JASON WHITLOCK: I don't believe 44%. I do believe in the sentiment that if this continues to expand, it's turning off football fans. Again, I keep talking about football culture, and what football culture is —

COWHERD: Conservative.

WHITLOCK: and religious. And these values, these hyper left-wing values, that Kaepernick and these other guys are bringing to the table, it's disruptive to the culture of football.

COWHERD: Now this poll was taken two days after 9/11.

WHITLOCK (in seeming disbelief): I don't think that matters. I think again, people who love football, religious and conservative overwhelming —

COWHERD: That's how (Tim) Tebow got so popular.

WHITLOCK: Absolutely. This fists in the air, the disrespect for the flag, the bringing up — the unnuanced, unfair demonization of police. Because again, name me as a black person. Do I want to be judged as a group by the worst behavior of a few black people, the way we're judging the police based on the worst behavior of a few people?

We are demonizing the entire police force, and Kaepernick has done that with the socks and some of his statements. It's an unnuanced attack which makes people uncomfortable, and I do believe people will push away from football after this crash (last word unclear).

COWHERD: People say a lot of things though.

Cowherd then went into a discussion of fans' involvement with betting and fantasy football, as if those are reasons that significant hemorrhaging of interest and viewership might not occur.

Serious betting doesn't involve more than a few million people. As to fantasy football, do the math. As of last year, just before the NFL season began:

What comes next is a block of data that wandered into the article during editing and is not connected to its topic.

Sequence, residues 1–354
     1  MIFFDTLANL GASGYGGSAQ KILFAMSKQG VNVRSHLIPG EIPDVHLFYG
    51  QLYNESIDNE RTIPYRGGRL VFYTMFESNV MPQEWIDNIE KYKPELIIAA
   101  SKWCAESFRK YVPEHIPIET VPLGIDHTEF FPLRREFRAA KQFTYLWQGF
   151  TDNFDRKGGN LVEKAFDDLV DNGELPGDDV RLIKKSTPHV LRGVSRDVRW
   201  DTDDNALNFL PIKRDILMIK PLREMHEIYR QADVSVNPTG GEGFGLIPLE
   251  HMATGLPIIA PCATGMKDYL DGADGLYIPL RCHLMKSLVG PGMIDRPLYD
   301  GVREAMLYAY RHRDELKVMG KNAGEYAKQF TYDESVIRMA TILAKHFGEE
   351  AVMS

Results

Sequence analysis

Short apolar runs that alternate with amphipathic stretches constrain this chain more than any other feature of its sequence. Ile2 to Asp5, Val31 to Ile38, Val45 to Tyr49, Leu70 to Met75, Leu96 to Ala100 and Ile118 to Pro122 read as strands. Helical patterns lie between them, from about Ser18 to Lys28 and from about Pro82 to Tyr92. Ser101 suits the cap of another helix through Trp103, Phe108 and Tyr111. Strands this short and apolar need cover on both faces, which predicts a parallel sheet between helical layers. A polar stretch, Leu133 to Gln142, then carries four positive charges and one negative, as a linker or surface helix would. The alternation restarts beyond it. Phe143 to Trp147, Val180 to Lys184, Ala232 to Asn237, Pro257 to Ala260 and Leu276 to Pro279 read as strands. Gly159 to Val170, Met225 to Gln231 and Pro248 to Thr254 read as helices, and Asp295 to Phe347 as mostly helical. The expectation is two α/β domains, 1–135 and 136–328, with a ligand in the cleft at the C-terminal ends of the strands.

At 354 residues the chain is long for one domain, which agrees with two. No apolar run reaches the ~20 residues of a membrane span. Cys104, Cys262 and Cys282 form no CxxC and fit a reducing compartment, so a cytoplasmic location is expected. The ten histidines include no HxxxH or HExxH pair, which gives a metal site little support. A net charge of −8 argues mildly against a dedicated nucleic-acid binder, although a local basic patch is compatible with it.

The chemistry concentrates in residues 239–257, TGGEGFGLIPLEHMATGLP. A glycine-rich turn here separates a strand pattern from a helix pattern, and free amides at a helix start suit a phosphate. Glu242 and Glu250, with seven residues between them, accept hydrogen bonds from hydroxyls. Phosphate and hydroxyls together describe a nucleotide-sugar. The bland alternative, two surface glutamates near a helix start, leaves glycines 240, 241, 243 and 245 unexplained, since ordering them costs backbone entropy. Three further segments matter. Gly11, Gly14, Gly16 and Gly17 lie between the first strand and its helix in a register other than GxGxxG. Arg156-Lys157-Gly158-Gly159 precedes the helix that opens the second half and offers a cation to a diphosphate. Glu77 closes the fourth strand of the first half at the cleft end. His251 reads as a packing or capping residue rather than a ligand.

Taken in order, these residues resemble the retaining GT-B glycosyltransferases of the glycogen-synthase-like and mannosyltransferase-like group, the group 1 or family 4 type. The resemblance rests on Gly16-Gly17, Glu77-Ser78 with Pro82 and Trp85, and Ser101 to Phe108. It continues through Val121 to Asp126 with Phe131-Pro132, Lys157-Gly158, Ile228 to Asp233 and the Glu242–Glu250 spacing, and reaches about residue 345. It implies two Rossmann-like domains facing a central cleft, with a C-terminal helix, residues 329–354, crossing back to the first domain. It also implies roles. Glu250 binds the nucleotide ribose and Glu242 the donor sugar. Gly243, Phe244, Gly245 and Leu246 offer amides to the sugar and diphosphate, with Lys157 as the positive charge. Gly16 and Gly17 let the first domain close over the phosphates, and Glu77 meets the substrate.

(American Express's) latest Spending & Saving Tracker said 74.7 million Americans plan to participate in fantasy football this year, spending $4.6 billion, company spokeswoman Jane Di Leo said.

The figures cited amount to a "whopping" $62 per person. According to the cited article, "29 percent will not wager." That leaves about 53 million people spending $87 per person. Fantasy football is a cheap source of fun for most people, and certainly not a bulwark against getting turned off by players' immature and uninformed antics, especially since there are so many other fantasy sports available.

Cowherd moved into a discussion about the trajectory of various sports through the years, and tried to claim that the league's ratings drop may be just because of the "cyclical nature of sports."

When they got back on point, Whitlock again delivered the goods:

(beginning at the 2:58 mark)

WHITLOCK: If the perception of football is that it's gone hyper-hyper liberal, and particularly in an unfair way, and —

COWHERD: It might turn off some people.

WHITLOCK: 100 percent. When you have guys making — listen, the NFL is 67 percent black, and I don't know if I can statistically back this up, but it's probably made more black millionaires as an industry than any other industry in America over the past 20 years. And these are the guys, this is the place where you want to have this kind of chaos and disruption?

Again, I'll go back to it again. Football has been good to us. Take your protests and disruptions to the police headquarters. That's where you have the problem, not on the football field.

Ouch. You won't see or hear very many, if any, other sports commentators making Whitlock's painful points.

One quibble with both men: Football is not the sole province of conservatives and religious people. If it were, the fan base of the New England Patriots in ultrablue Massachusetts wouldn't be nearly as large as it is.

Even if only one-third of those surveyed follow through on their promise to abandon the NFL if the anthem antics don't stop, that would be a huge 15 percent decline which ripple through the entire industry.

Is Roger "encouraged by the direction" Goodell paying attention?

Are the owners he works for paying attention?

Cross-posted at